Dunfermline: Threat to players' jobs concerns Jordan McMillan
Dunfermline captain Jordan McMillan says the last few months have been "horrible" for Pars players and remains worried some could lose their jobs.
The First Division side applied to enter administration on Tuesday.
"The best case scenario we're aware of is administration but, again, boys, people and staff could still lose jobs," McMillan told BBC Scotland.
"That's something we don't want to see. We're powerless and just have to get on with the task in hand."
Her Majesty's Revenue and Customs (HMRC) had served a petition for liquidation at the Court of Session over Dunfermline's unpaid tax bill of £134,000, with a deadline of 17:00 GMT on Tuesday.
The club's honorary director, Jim Leishman, revealed that a group of supporters had agreed to cover the costs of the administrators, allowing the process to go ahead.
McMillan added: "It's going to be administration and we'll just have to get on with it as a group, like we have done. It's not been easy but there's nothing else we can do but get on with it.
"It's horrible. It's not just been today, it's been the last four or five months."
At times, the Dunfermline playing squad have had to put up with partial payment of wages.
"It's really hard - boys not getting full wages and stuff," McMillan said. "Boys have got mortgages and houses and whatever else, it's not been easy at all; I'm not going to stand here and lie.
"We go out on the football park every week and try and win football matches for Dunfermline. That'll not change come tomorrow if we play the game."
If the administration application is successful, Bryan Jackson of accountants PKF will be appointed as administrator.
That would mean Wednesday's First Division game between Falkirk and Dunfermline at East End Park could go ahead.
Meanwhile, Fraser Wishart, chief executive of the Professional Football Association (PFA) Scotland, insists he will do all within his power to keep any redundancies to a minimum at East End Park.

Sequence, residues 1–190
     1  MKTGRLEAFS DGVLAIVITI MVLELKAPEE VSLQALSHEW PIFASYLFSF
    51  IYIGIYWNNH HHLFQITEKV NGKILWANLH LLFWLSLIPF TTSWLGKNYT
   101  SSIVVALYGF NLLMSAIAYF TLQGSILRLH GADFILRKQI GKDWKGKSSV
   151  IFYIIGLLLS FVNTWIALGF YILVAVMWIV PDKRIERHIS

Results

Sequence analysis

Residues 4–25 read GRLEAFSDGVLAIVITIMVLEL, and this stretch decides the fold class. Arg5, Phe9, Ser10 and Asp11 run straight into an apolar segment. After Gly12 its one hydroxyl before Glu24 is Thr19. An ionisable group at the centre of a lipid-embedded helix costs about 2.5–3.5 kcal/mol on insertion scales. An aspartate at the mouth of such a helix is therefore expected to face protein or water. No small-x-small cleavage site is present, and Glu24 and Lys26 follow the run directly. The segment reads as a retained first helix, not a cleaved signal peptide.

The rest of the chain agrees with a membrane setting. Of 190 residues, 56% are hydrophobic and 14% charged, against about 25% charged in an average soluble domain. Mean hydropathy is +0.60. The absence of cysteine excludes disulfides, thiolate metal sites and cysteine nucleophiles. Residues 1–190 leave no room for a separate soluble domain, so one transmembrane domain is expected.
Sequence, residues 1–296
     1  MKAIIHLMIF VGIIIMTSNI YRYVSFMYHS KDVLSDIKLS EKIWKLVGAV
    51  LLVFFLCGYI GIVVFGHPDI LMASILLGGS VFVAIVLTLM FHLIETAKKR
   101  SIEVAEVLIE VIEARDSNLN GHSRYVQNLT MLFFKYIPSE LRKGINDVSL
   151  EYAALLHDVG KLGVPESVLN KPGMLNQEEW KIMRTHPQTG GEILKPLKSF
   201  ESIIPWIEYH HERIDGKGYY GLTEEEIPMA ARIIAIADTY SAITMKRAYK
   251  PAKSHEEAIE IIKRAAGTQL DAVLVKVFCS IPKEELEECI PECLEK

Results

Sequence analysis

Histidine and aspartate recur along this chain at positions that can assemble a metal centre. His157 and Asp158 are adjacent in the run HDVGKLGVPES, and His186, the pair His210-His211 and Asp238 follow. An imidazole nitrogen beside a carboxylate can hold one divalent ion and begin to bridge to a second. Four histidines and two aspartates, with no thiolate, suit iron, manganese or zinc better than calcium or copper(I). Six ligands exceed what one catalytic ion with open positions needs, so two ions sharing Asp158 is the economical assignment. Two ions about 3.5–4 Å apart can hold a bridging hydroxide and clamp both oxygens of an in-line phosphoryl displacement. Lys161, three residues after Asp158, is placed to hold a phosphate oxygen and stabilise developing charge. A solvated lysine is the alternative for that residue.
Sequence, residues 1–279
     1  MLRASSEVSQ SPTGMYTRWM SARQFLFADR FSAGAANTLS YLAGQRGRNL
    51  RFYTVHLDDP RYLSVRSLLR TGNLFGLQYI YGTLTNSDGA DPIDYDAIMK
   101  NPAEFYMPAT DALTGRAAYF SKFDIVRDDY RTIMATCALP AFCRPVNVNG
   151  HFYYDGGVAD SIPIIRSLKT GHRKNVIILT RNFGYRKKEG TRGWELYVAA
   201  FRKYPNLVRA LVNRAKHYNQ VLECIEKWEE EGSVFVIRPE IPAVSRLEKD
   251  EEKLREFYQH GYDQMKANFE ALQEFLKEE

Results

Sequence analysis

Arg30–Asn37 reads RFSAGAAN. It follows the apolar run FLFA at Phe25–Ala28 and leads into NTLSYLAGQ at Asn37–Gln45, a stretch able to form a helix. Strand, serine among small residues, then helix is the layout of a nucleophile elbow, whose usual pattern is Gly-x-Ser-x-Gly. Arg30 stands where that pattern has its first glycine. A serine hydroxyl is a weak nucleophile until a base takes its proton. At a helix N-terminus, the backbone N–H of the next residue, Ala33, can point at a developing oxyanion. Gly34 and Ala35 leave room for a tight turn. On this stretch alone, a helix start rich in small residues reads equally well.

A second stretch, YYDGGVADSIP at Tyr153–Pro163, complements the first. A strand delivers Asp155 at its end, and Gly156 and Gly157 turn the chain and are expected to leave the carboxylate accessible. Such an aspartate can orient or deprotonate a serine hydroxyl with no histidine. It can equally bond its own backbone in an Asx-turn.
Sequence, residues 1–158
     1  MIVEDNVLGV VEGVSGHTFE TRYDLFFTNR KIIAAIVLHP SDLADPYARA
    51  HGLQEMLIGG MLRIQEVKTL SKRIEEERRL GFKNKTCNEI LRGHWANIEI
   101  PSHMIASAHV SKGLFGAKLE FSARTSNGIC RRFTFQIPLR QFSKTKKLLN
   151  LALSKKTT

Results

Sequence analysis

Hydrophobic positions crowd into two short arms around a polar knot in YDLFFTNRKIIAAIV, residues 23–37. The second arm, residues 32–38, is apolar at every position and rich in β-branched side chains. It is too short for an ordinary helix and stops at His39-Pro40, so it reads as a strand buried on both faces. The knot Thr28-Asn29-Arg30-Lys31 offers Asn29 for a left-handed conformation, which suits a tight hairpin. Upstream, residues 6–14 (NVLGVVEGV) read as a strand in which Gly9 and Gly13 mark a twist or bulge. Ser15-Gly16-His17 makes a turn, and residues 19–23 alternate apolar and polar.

"We'll be looking to have a meeting with Bryan Jackson to work out a good course of action that hopefully will protect all our players jobs," he said.
"I'm pleased it's Bryan, someone I've worked with many times before and who knows the football game inside out. There is more than one way in dealing with a potential drop in income and the drop in outgoings the club has to get to.
"The first message we have to get out to the administrator and the club is that they ensure any funds that are raised by fans and supporters or donations go directly to pay the players and the other staff's wages.
"We have football regulations and the Scottish Football League has been very strong in the past supporting players who are made redundant in terms of football debt. I'm sure the players will welcome that."
Wishart re-emphasised that going into administration is Dunfermline's most optimistic option in the current circumstances.
He said: "In a strange sort of way it's the best position the club can be in at the moment because liquidation is calamitous for everybody - the club is closed, the creditors get nothing and the players lose their jobs.
"We're in a situation where it's still in grave danger.
"The first point is to get to the end of the season and fulfil the fixtures. At that point, hopefully there'll be enough funds to get there and for somebody to come in and buy this proud club."